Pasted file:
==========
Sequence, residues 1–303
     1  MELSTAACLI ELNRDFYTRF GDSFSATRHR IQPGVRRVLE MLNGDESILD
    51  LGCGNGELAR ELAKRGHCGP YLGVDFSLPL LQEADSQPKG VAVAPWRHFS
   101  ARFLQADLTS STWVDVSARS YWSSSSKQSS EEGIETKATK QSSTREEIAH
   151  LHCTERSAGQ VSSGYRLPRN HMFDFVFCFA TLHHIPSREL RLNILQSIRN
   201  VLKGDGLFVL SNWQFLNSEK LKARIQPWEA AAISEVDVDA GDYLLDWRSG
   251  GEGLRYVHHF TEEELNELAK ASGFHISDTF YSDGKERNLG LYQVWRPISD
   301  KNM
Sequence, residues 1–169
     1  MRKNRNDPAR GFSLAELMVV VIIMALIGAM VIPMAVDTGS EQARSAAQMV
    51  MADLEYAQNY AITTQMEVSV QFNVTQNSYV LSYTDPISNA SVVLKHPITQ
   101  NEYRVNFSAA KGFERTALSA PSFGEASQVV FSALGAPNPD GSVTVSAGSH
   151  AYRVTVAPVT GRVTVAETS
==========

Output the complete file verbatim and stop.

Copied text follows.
Sequence, residues 1–303
     1  MELSTAACLI ELNRDFYTRF GDSFSATRHR IQPGVRRVLE MLNGDESILD
    51  LGCGNGELAR ELAKRGHCGP YLGVDFSLPL LQEADSQPKG VAVAPWRHFS
   101  ARFLQADLTS STWVDVSARS YWSSSSKQSS EEGIETKATK QSSTREEIAH
   151  LHCTERSAGQ VSSGYRLPRN HMFDFVFCFA TLHHIPSREL RLNILQSIRN
   201  VLKGDGLFVL SNWQFLNSEK LKARIQPWEA AAISEVDVDA GDYLLDWRSG
   251  GEGLRYVHHF TEEELNELAK ASGFHISDTF YSDGKERNLG LYQVWRPISD
   301  KNM
Sequence, residues 1–169
     1  MRKNRNDPAR GFSLAELMVV VIIMALIGAM VIPMAVDTGS EQARSAAQMV
    51  MADLEYAQNY AITTQMEVSV QFNVTQNSYV LSYTDPISNA SVVLKHPITQ
   101  NEYRVNFSAA KGFERTALSA PSFGEASQVV FSALGAPNPD GSVTVSAGSH
   151  AYRVTVAPVT GRVTVAETS